VIRTUOSO guitarist Richard Durrant is hitting the road again for a second cycling concert tour.
Cycling Music Lap 2 starts at the Ropetackle Arts Centre on Friday and travels across the country before returning for a finale at the Shoreham venue on July 3.
Called Bach on a Bicycle, the tour follows last year’s successful 1,500 mile, 36 concert Cycling Music tour.
Richard, who lives on Shoreham Beach, said this year’s route would be even more challenging as he heads for the Isle of Skye on June 13, playing concerts in theatres, arts centres, halls, churches, schools and bicycle workshops along the way.
He will pedal up to 100 miles between gigs, carrying his show equipment on his bicycle and trailer. After each ride, his work begins in earnest with a show featuring Bach’s Chaconne and his own Cycling Music for guitar, sequencers and pre-recorded bicycles, complete with projected animations.
A donation from each show will be made to the Cycling Defence Fund, a charity which defends the rights of cyclists and provides information and advice about all aspects of cycling.
When Marek started building the bike while I was there, he did something I do when I’m starting a recording in the studio. I tidy the place up, polish the woodwork, then I’m ready to beginShoreham Beach guitarist Richard Durrant
Richard will be applying the lessons he learned last summer to, hopefully, lessen the hardships this time round. First and foremost is cutting down on the payload by not taking a PA system, relying instead on venues which have their own sound set-up.
“And if it turns out they don’t have any equipment, I will just play Bach on a ukelele,” explained Richard.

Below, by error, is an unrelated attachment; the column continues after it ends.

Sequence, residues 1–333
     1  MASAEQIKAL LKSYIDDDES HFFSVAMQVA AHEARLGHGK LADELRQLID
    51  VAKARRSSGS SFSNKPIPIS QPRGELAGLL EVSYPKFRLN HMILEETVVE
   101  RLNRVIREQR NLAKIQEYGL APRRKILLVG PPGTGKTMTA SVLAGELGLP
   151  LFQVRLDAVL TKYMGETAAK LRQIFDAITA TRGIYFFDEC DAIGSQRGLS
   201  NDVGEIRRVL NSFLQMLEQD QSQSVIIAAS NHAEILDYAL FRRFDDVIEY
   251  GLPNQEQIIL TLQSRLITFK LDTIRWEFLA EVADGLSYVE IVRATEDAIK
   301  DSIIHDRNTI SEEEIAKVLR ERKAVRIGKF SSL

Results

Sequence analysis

“I’m also taking a lighter guitar, a beautiful little Mexican instrument.”
Towards the end of the tour he will be meeting up with the Brighton Youth Orchestra for a concert in the Unitarian Church, to perform passages from Cycling Music. He is one of the group’s musical ambassadors, having himself been a member as a youngster.
Most of the way Richard will be riding alone, though it’s likely some members of Ilkley Cycling Club, who gave him a warm welcome last year, will join him for part of what is likely to be the toughest leg, 100 miles from Leeds to Penrith, over the Pennines.
While in Leeds, he will give a performance at Aurelius Cycles, where earlier this year owner Marek Szczeplek built Richard’s steel-framed steed specially for the tour.
On a two-day visit to the Yorkshire city, Richard tried out several different frames before he and Marek agreed on the one for him, an Aurelius Columbus Zona road bike.
“When Marek started building the bike while I was there, he did something I do when I’m starting a recording in the studio. I tidy the place up, polish the woodwork, then I’m ready to begin,” said Richard.
“He did the same with his workshop, cleaned it up, cleared away the stuff he didn’t want, and then laid out all the parts ready to start work on my bike. I respected him for that.”
Marek will be checking Richard’s bike is in fine fettle for the rest of the tour, as he did on last year’s ride. “It was like watching a violin maker, seeing him recable the bike,” Richard recalled.
He will take the Topeak trailer which served him well last time and, even without the PA, will still be loaded up with lighting kit, mixing desk, laptop computer, stage drapery and so on.